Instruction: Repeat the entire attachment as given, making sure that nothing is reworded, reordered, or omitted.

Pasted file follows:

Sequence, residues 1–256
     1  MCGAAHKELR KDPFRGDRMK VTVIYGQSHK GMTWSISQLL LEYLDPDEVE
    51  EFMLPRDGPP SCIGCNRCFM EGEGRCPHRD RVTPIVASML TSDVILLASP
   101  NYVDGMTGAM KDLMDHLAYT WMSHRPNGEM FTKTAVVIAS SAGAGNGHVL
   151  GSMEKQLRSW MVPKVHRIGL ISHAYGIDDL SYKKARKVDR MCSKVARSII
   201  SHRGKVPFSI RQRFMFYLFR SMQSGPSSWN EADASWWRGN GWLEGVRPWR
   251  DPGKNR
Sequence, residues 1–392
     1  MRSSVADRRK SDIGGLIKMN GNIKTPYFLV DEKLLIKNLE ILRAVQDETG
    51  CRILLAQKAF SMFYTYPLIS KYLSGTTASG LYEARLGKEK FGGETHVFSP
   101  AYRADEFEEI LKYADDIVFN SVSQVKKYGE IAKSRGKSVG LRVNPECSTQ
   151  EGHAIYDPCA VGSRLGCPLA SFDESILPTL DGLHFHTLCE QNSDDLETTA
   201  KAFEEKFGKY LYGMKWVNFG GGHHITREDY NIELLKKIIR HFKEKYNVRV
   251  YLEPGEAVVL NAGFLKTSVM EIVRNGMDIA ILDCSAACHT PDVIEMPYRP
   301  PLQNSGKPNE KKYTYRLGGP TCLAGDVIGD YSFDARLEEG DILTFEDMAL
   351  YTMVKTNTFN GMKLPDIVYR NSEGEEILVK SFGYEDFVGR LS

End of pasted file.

Sequence, residues 1–256
     1  MCGAAHKELR KDPFRGDRMK VTVIYGQSHK GMTWSISQLL LEYLDPDEVE
    51  EFMLPRDGPP SCIGCNRCFM EGEGRCPHRD RVTPIVASML TSDVILLASP
   101  NYVDGMTGAM KDLMDHLAYT WMSHRPNGEM FTKTAVVIAS SAGAGNGHVL
   151  GSMEKQLRSW MVPKVHRIGL ISHAYGIDDL SYKKARKVDR MCSKVARSII
   201  SHRGKVPFSI RQRFMFYLFR SMQSGPSSWN EADASWWRGN GWLEGVRPWR
   251  DPGKNR
Sequence, residues 1–392
     1  MRSSVADRRK SDIGGLIKMN GNIKTPYFLV DEKLLIKNLE ILRAVQDETG
    51  CRILLAQKAF SMFYTYPLIS KYLSGTTASG LYEARLGKEK FGGETHVFSP
   101  AYRADEFEEI LKYADDIVFN SVSQVKKYGE IAKSRGKSVG LRVNPECSTQ
   151  EGHAIYDPCA VGSRLGCPLA SFDESILPTL DGLHFHTLCE QNSDDLETTA
   201  KAFEEKFGKY LYGMKWVNFG GGHHITREDY NIELLKKIIR HFKEKYNVRV
   251  YLEPGEAVVL NAGFLKTSVM EIVRNGMDIA ILDCSAACHT PDVIEMPYRP
   301  PLQNSGKPNE KKYTYRLGGP TCLAGDVIGD YSFDARLEEG DILTFEDMAL
   351  YTMVKTNTFN GMKLPDIVYR NSEGEEILVK SFGYEDFVGR LS